How To Choose A Dog Food

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Most of the Britain’s commercial dog foods are manufactured by four companies Nestle (Purina, Bakers), Pedigree Masterfoods (Pedigree, Cesar, Royal Canin, Waltham, James Wellbeloved), Proctor & Gamble (Iams and Eukanuba) and Colgate-Palmolive (Hill’s).

British foods are labeled according to EC directives which state what preservatives have been added. All dog foods include a ‘best before’ date which usually corresponds to the shelf life of the fat-soluble vitamins in the product.

If you plan to feed your dog a commercial dog food, do some homework. Visit the manufacturer’s website, a good source of additional information. Prepare your list of questions and post them at the website. Reliable dog food producers will tell you everything you want to know. Unreliable ones will not.

How To Compare Different Foods

Comparing protein, fat or fibre levels simply by reading labels is pointless because levels vary according to the food’s water level. To compare the levels of anything in food you have to convert the information you have been given to a “dry-matter” basis: what is there once all moisture has been removed. Here is how you do it. A typical canned food label might say:

Protein6.5%
Oil3.5%
Fibre0.5%
Moisture81%

This food is 81 percent moisture so it is 19 percent dry matter. Calculate the true levels of protein, fat and fibre using this formula.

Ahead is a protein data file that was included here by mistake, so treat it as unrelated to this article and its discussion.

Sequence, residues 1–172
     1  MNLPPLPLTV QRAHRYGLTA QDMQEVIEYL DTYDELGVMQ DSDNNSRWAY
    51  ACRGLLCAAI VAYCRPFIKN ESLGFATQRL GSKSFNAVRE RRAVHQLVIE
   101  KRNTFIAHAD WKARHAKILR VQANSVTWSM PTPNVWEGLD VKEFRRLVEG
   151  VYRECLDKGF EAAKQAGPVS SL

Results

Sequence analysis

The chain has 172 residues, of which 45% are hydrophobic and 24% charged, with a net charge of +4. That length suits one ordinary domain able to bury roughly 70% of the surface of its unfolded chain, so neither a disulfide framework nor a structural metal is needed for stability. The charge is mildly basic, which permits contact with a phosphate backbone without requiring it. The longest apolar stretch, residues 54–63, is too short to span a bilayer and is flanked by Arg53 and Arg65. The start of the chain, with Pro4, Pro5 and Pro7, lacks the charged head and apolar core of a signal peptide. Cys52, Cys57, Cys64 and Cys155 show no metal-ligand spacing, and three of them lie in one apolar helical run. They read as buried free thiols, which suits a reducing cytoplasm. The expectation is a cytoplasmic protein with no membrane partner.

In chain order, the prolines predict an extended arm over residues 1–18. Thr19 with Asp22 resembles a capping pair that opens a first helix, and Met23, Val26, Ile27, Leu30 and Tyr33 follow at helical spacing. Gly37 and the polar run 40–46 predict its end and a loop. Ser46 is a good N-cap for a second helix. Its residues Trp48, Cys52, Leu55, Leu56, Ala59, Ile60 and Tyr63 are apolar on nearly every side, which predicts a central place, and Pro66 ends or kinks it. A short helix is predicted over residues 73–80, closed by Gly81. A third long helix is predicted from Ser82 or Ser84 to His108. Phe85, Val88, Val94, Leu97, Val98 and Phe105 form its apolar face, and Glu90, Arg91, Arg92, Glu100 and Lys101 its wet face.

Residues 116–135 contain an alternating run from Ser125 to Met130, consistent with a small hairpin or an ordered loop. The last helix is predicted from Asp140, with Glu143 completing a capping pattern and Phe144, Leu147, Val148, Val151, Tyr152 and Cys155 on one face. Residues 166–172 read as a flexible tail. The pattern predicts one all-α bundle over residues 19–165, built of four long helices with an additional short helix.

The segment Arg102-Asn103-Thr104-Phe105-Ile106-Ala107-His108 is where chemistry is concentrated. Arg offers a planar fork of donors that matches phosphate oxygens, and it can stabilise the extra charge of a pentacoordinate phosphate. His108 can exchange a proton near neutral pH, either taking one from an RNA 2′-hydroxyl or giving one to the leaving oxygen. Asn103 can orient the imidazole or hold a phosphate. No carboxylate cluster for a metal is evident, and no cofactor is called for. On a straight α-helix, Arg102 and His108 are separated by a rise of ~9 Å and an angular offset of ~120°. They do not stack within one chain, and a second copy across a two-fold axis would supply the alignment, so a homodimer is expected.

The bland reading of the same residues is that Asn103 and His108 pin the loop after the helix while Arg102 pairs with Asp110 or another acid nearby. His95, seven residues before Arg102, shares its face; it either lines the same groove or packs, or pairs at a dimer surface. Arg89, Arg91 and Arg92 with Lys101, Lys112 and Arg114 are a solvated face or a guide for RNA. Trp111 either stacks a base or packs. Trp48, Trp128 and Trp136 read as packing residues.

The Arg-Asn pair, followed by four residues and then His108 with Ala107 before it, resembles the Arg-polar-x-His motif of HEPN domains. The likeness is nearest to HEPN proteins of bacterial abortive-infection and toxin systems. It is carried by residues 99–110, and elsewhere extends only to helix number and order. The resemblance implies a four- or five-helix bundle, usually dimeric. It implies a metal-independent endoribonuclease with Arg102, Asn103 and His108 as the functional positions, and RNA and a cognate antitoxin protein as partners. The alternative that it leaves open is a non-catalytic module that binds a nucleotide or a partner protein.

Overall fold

Dry matter nutrient content   =   The label’s nutrient percentage x 100
                                                      Dry-matter content percentage

    

Therefore:

Crude protein = 6.5x100 = 34.2%
                              19

This is the only way you can accurately compare basic protein and fat or any other contents of one food with another. If you want to save time, all pet food manufacturers will gladly give you this information.

Dry Dog Food

The convenience of all-in-one dry food has made this form of canine nourishment the most popular of dog foods. These foods are cooked under pressure then dried. Fat is sprayed on the particles for palatability but because fat can go rancid, dry foods need a preservative. Antioxidants are excellent preservatives. It sounds better to use a “vitamin” as a preservative and some food manufacturers have switched from ‘synthetics’ to vitamins C and E but not because these are better as antioxidants. They switched because of public pressure not because of scientific evidence. Curiously, natural antioxidants do not last as long as synthetic ones. If you choose a dry food that is ‘naturally’ preserved, store it in a sealed container in a dry, cool location.

Wet Dog Food

Heat sterilisation and vacuum sealing prevent spoilage of canned or vacuum packed foods so no preservative is needed. Most canned foods are nutritionally complete. Canned food is highly palatable but it provides no exercise for the teeth and gums and is prone to contamination if it is not eaten immediately. Manufacturers seldom state how many kilocalories (kcals) there are in their foods, usually because labelling laws such as those in the UK actually prohibit them from doing so. As a guideline, assume that a standard 400 gram can of food contains about 400 kcal. A phone call to the manufacturer’s help line will give you an exact answer for each product.

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